However, some critics say the bill will not do enough to reverse the spike in unemployment.
"There is too much wasteful spending and the plan in our view won't do what it is intended to do -- create jobs and preserve jobs in America," said House Minority Leader John Boehner, R-Ohio.
Swiftly rising unemployment claims are wreaking havoc on state unemployment trust funds. These accounts, which are funded by taxes levied on employers, are running dry.
Four more state funds -- Indiana, New York, South Carolina and Ohio -- have become insolvent in the last four months, according to a forthcoming report from the National Employment Law Project. They join Michigan in borrowing from the federal government to continue paying benefits.
Another 13 states are at "major risk" of insolvency, up from eight in September, according to the advocacy group. These states have eight months or less of average monthly benefits in their trust funds. These include: New Jersey, California, Kentucky, Missouri, Wisconsin, North Carolina, Rhode Island, Arkansas, Pennsylvania, Idaho, Minnesota, Connecticut and Illinois.
Some experts predict up to 30 states could see their funds become insolvent this year if the recession deepens.
While the jobless in these states will continue to get benefits, there are serious ramifications to having insolvent funds. State legislatures must bring the funds back into balance, which means either cutting benefits or raising taxes on employers. Neither option is palatable during a recession.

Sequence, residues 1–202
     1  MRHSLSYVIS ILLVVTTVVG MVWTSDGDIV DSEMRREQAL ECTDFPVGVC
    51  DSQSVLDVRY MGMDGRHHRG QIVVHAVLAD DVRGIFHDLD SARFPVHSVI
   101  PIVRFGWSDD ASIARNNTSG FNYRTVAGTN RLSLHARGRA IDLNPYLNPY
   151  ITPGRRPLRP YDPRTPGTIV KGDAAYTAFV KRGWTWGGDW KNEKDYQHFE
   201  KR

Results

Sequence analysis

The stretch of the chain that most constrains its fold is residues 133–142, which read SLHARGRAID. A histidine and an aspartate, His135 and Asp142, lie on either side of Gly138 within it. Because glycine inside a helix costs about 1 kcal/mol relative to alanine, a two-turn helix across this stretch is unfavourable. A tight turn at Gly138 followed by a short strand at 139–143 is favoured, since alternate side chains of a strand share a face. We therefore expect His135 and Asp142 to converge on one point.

Faced with these funding shortfalls, states may make it harder for to collect unemployment. For instance, they might raise the minimum earnings needed to qualify for benefits or exclude certain groups, such as those seeking part-time work.
"It puts a lot of pressure on insolvent states to cut down on their eligibility criteria or increase disqualifications," said Rick McHugh, staff attorney at the National Employment Law Project.
Many states are loathe to put more pressure on employers at a time when their operations are already suffering. Companies aren't as quick to hire new workers if they have to pay higher unemployment taxes on each one, experts said.
"It does tend to slow down their rehiring," said Richard Hobbie, executive director of the National Association of State Workforce Agencies.
States may get a little relief in the stimulus package, which calls for temporarily waiving interest payments on federal loans to state unemployment trust funds. The rate is currently around 4%.
When people lose their jobs, they pay less in personal income taxes to their states. This -- combined with declining corporate tax payments and lower sales tax revenues -- has left many states scrambling to contain growing budget gaps.
At least 45 states faced or are facing shortfalls in their budgets for this and/or next year, according to the Center on Budget and Policy Priorities. Combined budget gaps for the remainder of this fiscal year and state fiscal years 2010 and 2011 are estimated to total more than $350 billion.